Survival of Locally Advanced MSI-high Gastric Cancer Patients Treated With Perioperative Chemotherapy: A Retrospective Cohort Study

Elvira L. Vos, Steven B. Maron, Robert W. Krell, Masaya Nakauchi, Megan Fiasconaro, Marinela Capanu, Henry S. Walch, Walid K. Chatila, Nikolaus Schultz, David H. Ilson, Yelena Y. Janjigian, Geoffrey Y. Ku, Sam S. Yoon, Daniel G. Coit, Chad M. Vanderbilt, Laura H. Tang, Vivian E. Strong

Research output: Contribution to journalArticlepeer-review

12 Citations (Scopus)

Abstract

Objective: To evaluate the efficacy of chemotherapy in patients with microsatellite instability (MSI)-high gastric cancer. Background: Although MSI-high gastric cancer is associated with a superior prognosis, recent studies question the benefit of perioperative chemotherapy in this population. Methods: Locally advanced gastric adenocarcinoma patients who either underwent surgery alone or also received neoadjuvant, perioperative, or adjuvant chemotherapy between 2000 and 2018 were eligible. MSI status, determined by next-generation sequencing or mismatch repair protein immunohistochemistry, was determined in 535 patients. Associations among MSI status, chemotherapy administration, overall survival (OS), disease-specific survival, and disease-free survival were assessed. Results: In 535 patients, 82 (15.3%) had an MSI-high tumor and ∼20% better OS, disease-specific survival, and disease-free survival. Grade 1 (90%-100%) pathological response to neoadjuvant chemotherapy was found in 0 of 40 (0%) MSI-high tumors versus 43 of 274 (16%) MSS. In the MSI-high group, the 3-year OS rate was 79% with chemotherapy versus 88% with surgery alone (P=0.48). In the MSS group, this was 61% versus 59%, respectively (P=0.96). After multivariable interaction analyses, patients with MSI-high tumors had superior survival compared with patients with MSS tumors whether given chemotherapy (hazard ratio=0.53, 95% confidence interval: 0.28-0.99) or treated with surgery alone (hazard ratio=0.15, 95% confidence interval: 0.02-1.17). Conclusions: MSI-high locally advanced gastric cancer was associated with superior survival compared with MSS overall, despite worse pathological chemotherapy response. In patients with MSI-high gastric cancer who received chemotherapy, the survival rate was ∼9% worse compared with surgery alone, but chemotherapy was not significantly associated with survival.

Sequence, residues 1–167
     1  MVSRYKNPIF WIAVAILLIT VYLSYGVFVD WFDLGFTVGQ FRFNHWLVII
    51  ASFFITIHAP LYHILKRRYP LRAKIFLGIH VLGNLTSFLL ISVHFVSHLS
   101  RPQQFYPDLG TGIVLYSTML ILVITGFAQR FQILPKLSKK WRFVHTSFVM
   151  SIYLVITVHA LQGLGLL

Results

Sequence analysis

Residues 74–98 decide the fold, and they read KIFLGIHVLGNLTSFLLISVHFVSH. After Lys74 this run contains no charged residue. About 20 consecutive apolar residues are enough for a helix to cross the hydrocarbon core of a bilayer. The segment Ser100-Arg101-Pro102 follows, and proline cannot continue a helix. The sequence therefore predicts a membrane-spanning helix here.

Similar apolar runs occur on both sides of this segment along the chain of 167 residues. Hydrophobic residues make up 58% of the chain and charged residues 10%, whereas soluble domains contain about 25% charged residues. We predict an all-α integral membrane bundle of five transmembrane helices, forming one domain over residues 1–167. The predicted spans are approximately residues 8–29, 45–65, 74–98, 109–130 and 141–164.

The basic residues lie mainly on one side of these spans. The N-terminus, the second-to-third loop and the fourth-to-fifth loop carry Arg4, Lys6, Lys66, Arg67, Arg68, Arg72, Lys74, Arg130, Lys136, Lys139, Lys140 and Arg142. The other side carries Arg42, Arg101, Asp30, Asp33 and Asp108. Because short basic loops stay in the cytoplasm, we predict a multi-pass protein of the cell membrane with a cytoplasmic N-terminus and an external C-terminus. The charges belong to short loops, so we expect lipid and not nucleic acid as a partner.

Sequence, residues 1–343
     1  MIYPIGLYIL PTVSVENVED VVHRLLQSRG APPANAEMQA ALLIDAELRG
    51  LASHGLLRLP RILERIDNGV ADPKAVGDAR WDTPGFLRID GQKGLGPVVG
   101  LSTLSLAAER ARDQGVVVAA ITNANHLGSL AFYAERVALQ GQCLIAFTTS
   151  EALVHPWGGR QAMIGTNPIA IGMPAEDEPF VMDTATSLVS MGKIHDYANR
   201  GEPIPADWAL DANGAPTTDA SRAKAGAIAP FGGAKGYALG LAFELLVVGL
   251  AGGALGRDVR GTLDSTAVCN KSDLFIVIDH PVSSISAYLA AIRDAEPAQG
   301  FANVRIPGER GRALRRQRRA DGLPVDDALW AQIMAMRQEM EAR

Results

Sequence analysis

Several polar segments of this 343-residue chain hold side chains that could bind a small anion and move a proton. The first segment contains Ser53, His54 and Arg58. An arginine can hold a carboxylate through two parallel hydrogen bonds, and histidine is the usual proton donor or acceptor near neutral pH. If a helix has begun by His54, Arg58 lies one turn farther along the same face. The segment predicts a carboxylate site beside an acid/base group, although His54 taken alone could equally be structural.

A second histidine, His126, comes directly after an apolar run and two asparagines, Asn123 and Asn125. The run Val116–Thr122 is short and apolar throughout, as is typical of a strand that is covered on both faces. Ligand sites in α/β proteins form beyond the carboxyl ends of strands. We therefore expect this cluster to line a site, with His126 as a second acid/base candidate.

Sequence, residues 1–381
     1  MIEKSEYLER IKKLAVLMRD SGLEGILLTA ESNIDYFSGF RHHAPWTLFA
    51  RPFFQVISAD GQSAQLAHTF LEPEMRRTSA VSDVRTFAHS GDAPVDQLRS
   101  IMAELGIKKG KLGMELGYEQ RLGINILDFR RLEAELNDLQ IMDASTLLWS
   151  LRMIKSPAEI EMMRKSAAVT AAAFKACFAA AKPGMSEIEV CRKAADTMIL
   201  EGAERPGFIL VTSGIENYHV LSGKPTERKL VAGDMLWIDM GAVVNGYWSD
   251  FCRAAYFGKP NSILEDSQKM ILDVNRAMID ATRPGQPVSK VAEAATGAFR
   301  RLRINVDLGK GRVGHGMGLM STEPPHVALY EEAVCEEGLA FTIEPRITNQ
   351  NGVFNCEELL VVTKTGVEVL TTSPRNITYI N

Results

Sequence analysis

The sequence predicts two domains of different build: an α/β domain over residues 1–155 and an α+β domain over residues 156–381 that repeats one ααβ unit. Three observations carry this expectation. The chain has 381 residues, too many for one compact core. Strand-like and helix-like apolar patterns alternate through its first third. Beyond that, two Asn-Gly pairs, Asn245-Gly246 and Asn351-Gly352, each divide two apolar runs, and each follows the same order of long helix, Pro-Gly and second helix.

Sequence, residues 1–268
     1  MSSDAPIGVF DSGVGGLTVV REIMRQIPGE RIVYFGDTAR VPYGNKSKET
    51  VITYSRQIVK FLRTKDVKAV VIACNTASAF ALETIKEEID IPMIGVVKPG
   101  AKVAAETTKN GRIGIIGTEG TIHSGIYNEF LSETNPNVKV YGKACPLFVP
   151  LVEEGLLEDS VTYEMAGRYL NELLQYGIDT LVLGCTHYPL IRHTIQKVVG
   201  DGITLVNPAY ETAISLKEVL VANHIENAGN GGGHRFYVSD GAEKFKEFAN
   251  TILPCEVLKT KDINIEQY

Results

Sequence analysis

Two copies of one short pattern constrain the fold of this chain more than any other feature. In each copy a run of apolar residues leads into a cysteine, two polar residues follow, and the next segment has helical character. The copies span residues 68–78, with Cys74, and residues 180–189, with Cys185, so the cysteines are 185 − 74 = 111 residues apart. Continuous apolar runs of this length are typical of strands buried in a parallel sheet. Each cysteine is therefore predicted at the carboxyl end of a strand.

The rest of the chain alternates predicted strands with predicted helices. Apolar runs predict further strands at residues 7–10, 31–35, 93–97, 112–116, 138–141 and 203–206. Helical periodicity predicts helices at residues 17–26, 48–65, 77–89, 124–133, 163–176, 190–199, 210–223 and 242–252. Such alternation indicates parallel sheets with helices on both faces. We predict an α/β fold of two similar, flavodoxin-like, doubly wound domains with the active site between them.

Original languageEnglish
Pages (from-to)798-805
Number of pages8
JournalAnnals of Surgery
Volume277
Issue number5
DOIs
Publication statusPublished - 01-05-2023
Externally publishedYes

All Science Journal Classification (ASJC) codes

  • Surgery

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